"It was the best feeling to hold the Penn Relays wheel above our heads after yesterday and last year," Tonn said. "This was a team effort and we ran not only for those on the relay, but for the girls back at home. I don't think we were going to head home without a wheel -- we laid it all out there today. This team is awesome and I can't wait to see how many wheels the Cardinal will bring home in the future."

In the men's DMR, sophomore Sean McGorty ran the fastest 1,600 split in the field -- even faster than Oregon multiple NCAA champion Edward Cheserek -- to key Stanford's third-place finish, which matched the Cardinal's 2014 performance.

McGorty ran 3:59.35, while Cheserek's 3:59.55 anchored Oregon to the victory. McGorty got the baton from Luke Lefebure, who ran the 800 in 1:49.60, the third-fastest split of the day. The Cardinal was led by Justin Brinkley (2:59.03 for 1,200) and Jackson Shumway (49.15).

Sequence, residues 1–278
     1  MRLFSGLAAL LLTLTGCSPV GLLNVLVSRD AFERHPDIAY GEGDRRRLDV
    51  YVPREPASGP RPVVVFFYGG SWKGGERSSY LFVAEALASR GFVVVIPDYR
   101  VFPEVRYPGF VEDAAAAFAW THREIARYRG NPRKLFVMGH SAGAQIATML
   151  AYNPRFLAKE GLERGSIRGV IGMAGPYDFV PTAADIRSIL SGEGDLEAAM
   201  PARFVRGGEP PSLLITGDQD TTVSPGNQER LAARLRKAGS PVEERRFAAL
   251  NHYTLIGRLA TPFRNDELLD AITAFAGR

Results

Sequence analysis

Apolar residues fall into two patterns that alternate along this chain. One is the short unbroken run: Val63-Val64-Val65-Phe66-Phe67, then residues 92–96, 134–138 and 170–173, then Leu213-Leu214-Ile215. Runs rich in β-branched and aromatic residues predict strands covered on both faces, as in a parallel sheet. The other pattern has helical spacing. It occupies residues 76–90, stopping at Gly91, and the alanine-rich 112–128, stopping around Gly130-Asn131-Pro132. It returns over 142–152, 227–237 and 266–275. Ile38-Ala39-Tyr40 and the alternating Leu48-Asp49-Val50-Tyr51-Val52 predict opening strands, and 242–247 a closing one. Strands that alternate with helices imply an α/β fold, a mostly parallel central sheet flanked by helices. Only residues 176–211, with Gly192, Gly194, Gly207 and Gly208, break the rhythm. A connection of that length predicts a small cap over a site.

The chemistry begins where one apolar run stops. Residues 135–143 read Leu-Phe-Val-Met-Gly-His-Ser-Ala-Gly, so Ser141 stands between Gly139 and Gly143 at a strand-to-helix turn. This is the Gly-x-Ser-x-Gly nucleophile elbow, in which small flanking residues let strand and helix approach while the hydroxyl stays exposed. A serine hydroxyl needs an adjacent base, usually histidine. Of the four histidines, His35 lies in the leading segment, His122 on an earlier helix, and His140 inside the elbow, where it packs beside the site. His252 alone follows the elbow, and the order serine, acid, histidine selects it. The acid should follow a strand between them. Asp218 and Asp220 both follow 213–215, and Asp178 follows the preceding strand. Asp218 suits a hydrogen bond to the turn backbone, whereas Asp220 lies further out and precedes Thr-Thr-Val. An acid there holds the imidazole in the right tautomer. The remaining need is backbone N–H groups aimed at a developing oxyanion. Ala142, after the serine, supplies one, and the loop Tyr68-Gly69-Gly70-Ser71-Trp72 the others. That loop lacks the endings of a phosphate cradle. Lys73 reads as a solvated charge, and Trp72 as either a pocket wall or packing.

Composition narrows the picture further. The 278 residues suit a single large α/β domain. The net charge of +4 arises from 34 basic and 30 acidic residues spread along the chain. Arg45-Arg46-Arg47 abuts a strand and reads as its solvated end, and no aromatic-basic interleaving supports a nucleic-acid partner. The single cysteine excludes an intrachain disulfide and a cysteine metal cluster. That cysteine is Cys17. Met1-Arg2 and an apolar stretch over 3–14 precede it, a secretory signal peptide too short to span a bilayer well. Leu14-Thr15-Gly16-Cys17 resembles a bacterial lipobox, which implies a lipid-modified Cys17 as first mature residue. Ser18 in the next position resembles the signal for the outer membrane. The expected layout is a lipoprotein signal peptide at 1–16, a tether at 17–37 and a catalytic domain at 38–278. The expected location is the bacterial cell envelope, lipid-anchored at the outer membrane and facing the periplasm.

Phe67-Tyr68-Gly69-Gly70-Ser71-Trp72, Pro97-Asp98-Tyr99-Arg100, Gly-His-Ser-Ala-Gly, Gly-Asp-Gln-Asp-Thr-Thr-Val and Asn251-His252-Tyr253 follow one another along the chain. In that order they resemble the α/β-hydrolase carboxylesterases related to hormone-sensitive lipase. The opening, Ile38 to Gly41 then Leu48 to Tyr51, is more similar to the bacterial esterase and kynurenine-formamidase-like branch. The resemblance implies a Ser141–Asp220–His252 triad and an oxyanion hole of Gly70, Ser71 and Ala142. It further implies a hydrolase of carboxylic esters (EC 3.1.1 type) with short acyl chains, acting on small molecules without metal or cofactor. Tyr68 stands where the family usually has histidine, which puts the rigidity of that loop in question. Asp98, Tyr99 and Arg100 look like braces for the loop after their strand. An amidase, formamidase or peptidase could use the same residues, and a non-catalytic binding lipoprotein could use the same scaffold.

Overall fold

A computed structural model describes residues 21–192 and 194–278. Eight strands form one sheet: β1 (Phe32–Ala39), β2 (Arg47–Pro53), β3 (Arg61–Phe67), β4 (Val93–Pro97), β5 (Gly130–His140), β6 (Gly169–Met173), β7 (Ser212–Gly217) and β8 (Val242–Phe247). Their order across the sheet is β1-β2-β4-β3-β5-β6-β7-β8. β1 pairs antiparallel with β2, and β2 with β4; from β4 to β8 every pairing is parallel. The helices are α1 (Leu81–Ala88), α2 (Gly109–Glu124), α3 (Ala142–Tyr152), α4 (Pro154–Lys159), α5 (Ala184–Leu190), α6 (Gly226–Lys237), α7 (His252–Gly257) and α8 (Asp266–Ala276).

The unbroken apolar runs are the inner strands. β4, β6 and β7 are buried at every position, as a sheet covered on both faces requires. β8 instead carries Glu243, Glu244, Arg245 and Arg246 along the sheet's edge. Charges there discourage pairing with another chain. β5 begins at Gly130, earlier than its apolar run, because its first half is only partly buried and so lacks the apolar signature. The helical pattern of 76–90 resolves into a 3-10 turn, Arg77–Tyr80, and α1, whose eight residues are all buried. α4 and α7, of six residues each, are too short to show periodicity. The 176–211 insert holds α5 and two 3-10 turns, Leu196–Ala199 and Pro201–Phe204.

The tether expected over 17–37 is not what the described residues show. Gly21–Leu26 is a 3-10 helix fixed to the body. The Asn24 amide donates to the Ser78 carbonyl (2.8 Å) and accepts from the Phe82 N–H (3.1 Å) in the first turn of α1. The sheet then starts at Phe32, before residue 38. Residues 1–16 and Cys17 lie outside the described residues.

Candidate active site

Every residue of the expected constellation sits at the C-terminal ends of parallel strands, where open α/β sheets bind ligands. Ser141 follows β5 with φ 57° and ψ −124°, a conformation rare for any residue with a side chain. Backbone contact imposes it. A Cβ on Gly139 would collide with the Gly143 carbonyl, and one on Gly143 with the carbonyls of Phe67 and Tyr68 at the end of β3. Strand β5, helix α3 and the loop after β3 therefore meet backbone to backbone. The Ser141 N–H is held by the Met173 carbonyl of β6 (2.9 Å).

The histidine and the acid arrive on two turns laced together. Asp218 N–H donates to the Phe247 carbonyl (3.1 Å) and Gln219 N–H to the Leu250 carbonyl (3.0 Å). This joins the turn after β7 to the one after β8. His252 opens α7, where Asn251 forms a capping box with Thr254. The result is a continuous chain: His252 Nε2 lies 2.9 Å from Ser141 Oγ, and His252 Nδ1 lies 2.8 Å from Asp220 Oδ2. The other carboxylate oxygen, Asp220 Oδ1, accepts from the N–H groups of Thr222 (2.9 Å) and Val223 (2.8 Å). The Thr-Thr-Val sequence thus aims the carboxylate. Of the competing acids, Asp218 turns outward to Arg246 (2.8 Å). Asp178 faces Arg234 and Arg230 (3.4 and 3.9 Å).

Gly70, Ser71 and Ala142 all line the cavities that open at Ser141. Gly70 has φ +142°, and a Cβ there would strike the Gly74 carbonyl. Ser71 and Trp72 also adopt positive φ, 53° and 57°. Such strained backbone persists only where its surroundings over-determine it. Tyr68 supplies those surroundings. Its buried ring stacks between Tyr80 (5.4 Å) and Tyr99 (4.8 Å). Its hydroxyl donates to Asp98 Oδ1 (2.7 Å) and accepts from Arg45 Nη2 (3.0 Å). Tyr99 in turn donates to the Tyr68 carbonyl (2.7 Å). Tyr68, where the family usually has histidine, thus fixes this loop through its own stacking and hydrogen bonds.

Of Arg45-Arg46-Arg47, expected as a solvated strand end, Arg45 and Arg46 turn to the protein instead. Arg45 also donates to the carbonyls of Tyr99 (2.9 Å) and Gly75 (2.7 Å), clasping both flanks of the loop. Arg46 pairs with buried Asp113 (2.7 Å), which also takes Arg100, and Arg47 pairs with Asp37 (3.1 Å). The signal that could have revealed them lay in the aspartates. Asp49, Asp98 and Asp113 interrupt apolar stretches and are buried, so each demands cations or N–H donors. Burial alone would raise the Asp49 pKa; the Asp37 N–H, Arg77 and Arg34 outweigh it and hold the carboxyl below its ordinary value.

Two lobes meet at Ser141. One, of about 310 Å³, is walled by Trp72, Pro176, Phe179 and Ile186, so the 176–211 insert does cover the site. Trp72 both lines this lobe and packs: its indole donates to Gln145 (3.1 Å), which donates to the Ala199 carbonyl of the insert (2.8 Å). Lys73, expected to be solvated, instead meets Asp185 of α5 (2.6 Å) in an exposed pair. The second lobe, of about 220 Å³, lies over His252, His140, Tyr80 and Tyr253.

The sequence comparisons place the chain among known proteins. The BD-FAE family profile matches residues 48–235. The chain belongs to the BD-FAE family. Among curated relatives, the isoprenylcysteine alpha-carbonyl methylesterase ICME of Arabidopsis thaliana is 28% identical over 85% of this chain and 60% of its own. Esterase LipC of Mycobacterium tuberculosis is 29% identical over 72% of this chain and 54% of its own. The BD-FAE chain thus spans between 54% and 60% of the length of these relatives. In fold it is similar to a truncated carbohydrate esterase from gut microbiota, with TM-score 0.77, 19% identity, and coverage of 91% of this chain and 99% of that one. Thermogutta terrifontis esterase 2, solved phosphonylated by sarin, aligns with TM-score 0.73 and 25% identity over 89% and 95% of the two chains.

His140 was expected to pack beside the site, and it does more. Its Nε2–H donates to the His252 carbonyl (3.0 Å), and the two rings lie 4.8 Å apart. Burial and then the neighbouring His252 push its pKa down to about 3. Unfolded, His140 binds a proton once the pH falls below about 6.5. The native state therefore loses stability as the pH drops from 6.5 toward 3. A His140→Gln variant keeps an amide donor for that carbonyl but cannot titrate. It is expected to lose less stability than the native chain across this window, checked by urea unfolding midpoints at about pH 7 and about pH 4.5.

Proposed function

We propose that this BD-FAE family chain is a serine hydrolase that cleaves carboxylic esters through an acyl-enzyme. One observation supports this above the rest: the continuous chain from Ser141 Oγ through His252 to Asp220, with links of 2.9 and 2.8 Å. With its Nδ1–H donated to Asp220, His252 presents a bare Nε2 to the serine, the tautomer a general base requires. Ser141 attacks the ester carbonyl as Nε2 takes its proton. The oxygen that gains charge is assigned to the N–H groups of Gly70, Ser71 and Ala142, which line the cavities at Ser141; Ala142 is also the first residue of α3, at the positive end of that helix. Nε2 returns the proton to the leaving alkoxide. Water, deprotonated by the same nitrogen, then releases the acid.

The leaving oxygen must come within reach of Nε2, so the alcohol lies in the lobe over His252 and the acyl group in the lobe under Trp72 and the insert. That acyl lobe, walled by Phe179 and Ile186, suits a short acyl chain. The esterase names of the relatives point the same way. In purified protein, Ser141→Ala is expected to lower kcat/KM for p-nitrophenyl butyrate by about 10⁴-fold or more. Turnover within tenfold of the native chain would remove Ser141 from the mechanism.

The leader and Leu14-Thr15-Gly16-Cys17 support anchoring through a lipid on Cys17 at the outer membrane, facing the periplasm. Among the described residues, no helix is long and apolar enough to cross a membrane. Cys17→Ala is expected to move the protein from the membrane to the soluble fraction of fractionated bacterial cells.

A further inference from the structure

In the women's sprint medley, Kristyn Williams ran 52.8 for 400 – the third-fastest split of the day -- on Stanford's ninth-place team. Michaela Crunkleton Wilson and Gaby Gayles led Stanford off and Olivia Baker, back at the Penn Relays after starring there in high school, anchored with an 800.

Stanford concludes competition Saturday in the men's 4xMile and men's and women's 4x800's.

Men's tennis

Six days ago, Billy Griffith outlasted Nolan Paige in a three-setter to snap Stanford's 10-match winning streak and spoil Senior Day.

Paige returned the favor on Friday afternoon when the stakes were raised, clinching No. 26 Stanford's 4-1 victory over No. 25 California in the semifinals of the Pac-12 Championships.